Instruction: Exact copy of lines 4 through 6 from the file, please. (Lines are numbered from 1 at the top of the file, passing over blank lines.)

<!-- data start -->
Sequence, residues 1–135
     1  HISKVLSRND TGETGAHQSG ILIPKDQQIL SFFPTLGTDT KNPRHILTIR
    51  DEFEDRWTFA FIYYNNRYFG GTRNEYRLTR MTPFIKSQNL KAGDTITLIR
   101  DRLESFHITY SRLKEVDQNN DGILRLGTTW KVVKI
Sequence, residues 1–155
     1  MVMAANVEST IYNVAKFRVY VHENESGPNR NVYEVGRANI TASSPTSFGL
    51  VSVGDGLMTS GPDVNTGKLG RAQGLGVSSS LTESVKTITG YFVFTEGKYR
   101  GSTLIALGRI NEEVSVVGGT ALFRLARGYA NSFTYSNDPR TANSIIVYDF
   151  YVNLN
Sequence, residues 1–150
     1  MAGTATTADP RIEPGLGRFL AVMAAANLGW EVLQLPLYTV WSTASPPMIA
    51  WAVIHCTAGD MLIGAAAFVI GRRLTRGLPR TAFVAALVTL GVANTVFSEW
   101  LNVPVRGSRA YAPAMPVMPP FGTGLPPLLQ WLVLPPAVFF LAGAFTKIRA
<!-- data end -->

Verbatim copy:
   101  DRLESFHITY SRLKEVDQNN DGILRLGTTW KVVKI
Sequence, residues 1–155
     1  MVMAANVEST IYNVAKFRVY VHENESGPNR NVYEVGRANI TASSPTSFGL